Sleep, or a lack there of, was one of my parenting obstacles. In all fairness it is a challenge for many parents. And the problem doesn't necessarily end with newborns.
For the record I am the type of person that likes to squeeze the most out of every day. I have come to realise that this is a genetic trait inherited by my children. It is not a bad trait and for the most part it results in wrapping up the day happy, tired, and content to slip into a peaceful slumber at a reasonable hour of the night.
However, I know with myself that sometimes this energy can lead to doing too much each day. That desire to do more can lead to settling later in the evening and can ultimately result in being overtired, unreasonable and struggling to get to sleep. I wasn't always blatantly aware of this cycle ... I developed a better understanding once I became a parent.
As mentioned in previous columns, my children led a fairly busy lifestyle with involvement in a variety of activities. That can, without a doubt, result in some tired children at times. With this in mind I made the most of the down time in the weekly schedule. Sometimes we did more sedentary activities such as craft, playing board games or colouring. And sometimes we chose to stop all together, read a book, listen to music or watch a movie.
My favourite go-to was to suggest that we watch a movie from our collection of favourites. This was a perfect option on a rainy day. As it turned out 'movie day' actually translated to 'peaceful slumber day' for the girls. You see no sooner had the opening credits rolled down the television screen, than the girls would be sound asleep. To this very day, and with them now well into adulthood, both girls still fall asleep almost as soon as they start to watch a movie - even if they are not tired. This includes napping at the picture theatre, which has become a bit of a joke among family and friends.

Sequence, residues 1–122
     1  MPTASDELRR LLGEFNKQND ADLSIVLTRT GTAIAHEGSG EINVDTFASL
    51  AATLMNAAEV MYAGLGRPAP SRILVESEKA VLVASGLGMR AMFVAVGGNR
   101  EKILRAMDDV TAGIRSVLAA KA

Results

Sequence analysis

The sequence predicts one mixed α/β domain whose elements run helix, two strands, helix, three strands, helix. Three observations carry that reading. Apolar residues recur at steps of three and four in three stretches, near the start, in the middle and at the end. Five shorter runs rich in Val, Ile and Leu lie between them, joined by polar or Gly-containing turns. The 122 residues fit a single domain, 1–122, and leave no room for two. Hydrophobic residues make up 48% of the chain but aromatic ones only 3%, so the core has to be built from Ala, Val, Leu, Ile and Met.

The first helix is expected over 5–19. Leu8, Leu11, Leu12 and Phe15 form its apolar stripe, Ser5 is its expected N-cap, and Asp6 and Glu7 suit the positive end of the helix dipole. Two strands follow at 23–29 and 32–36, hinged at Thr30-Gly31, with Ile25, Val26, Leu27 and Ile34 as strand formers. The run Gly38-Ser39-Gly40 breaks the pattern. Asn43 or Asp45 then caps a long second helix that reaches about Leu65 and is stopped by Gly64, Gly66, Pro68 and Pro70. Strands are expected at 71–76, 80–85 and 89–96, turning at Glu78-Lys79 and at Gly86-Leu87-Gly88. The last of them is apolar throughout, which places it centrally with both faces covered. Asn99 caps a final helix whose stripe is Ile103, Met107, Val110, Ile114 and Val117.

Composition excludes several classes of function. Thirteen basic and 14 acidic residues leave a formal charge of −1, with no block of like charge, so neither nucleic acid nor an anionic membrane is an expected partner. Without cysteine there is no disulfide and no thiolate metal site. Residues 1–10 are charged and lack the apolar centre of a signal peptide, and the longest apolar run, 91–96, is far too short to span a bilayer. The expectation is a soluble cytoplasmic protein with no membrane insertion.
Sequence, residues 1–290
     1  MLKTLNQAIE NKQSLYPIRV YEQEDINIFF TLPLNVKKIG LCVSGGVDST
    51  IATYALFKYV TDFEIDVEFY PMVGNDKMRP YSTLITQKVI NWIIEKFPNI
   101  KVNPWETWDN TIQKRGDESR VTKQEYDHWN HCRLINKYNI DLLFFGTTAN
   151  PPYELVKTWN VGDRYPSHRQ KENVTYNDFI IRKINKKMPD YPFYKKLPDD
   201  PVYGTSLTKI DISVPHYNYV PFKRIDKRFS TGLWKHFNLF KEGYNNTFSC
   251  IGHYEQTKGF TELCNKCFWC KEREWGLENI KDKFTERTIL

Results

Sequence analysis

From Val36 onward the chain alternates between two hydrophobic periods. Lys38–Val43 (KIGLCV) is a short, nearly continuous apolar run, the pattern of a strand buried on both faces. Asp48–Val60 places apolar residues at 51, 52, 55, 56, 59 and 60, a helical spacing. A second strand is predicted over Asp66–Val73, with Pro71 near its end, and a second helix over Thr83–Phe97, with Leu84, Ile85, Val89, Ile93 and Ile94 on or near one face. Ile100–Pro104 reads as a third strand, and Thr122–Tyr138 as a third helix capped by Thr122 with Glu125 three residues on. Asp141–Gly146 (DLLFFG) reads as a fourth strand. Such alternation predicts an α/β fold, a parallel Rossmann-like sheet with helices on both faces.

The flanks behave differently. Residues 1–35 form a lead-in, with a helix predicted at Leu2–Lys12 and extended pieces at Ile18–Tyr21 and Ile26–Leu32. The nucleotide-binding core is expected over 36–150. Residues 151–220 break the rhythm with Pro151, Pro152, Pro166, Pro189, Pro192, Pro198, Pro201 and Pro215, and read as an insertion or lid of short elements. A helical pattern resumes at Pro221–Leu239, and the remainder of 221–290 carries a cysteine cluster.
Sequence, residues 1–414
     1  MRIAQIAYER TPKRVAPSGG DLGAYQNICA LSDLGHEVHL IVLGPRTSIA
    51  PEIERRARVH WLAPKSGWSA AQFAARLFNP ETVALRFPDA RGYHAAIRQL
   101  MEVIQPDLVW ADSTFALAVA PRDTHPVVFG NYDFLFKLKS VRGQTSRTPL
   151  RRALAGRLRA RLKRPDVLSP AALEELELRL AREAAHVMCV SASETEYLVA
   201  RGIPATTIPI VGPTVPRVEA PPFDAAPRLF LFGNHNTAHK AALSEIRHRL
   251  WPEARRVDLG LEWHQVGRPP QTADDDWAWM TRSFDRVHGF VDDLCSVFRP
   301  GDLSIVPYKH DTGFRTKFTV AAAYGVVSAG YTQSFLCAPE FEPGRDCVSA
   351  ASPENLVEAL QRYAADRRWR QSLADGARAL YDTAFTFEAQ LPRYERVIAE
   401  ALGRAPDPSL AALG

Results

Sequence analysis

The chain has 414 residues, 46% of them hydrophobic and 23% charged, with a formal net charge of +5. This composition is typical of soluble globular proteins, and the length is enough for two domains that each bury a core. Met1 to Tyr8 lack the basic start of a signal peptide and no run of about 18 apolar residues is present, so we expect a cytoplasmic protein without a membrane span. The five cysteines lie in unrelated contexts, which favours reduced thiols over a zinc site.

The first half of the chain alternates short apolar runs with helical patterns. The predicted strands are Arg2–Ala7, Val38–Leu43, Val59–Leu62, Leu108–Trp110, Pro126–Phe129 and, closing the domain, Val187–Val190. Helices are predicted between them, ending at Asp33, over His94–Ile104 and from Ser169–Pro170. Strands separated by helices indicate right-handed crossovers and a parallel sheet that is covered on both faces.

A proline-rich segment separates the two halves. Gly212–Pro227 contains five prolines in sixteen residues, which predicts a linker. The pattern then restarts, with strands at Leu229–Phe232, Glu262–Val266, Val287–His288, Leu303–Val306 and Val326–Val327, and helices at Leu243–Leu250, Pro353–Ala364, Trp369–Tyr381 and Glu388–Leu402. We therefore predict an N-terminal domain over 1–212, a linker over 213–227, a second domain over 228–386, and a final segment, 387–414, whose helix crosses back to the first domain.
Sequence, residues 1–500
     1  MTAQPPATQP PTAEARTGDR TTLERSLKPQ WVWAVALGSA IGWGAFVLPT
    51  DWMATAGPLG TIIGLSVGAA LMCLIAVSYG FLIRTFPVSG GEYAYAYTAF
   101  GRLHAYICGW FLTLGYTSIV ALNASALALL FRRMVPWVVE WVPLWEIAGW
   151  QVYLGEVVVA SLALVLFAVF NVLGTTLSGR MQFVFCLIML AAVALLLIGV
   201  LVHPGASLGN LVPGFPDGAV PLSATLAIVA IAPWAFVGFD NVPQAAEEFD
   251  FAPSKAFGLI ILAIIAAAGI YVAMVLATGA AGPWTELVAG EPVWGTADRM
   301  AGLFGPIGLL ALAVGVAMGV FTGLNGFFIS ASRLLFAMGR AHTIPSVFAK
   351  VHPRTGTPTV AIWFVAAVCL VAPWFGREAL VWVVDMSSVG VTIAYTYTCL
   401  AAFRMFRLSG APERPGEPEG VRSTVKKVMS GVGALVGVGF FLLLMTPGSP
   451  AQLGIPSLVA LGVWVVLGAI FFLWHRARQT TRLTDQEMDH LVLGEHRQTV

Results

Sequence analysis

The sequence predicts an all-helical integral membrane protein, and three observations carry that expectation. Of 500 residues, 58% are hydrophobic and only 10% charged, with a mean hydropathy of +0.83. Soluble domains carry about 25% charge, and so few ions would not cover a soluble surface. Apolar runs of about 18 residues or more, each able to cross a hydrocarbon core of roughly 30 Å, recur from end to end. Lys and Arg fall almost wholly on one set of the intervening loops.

While this formula could also work for my son, it was more of a struggle in his pre-teen years if he happened to be overtired. He would become tired, struggle to get to sleep, and then become more tired. By now you can probably see the pattern. I think I recognised this pattern as I had a similar habit.
I came to realise that when either myself or my son became overtired we would fidget while trying to get to sleep. Scratch an arm or a leg, toss and turn, get up for a drink of water and so on.
I'm not sure how I stumbled across the solution for both of us but what I can say is that it worked a treat and continues to do so. That solution was really quite simple.
I purchased a couple of meditation CDs - one was about the solar system, the other was about dolphins. And then I set up a mattress for myself next to my son's bed. I decided we were going to learn how to manage being overtired together.
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The first night it took a little more than just listening to the CDs. We also had to break the fidget cycle, which I still believe was ultimately stopping us from settling. My son moved to scratch his arm so I reached out and grabbed his hand, held it and suggested he see how long he could lay there without moving. Setting a simple challenge like this engaged his active mind in a way that was more conducive to relaxing.
I then suggested a gentle breathing pattern - breath in for five counts, breath out for five counts. We did it together and before we knew it we were both asleep. It was like being asked to count back from 100 when you have a pre-op before surgery - one second you are at 95, the next second you are asleep.
Listening to the soothing voice on the meditation CD playing in the background helped boost the sense of calm. However, I think the gentle breathing pattern and consciously resisting the fidgets, while counting to five to breath in and out, was the ultimate key to success.
We only needed to resort to this option on a couple of occasions. The cycle of overtired was quickly broken and the lessons were learned for future times when sleep was a struggle.
For the record I have no idea how the meditation CDs ended as I would fall asleep very quickly. These days you can download meditation programs on your phone, but I think the controlled breathing was equally effective.
- Mother-of-three grown kids, ACM editor Mumma Jak is familiar with the variety of approaches needed to help raise well-rounded humans.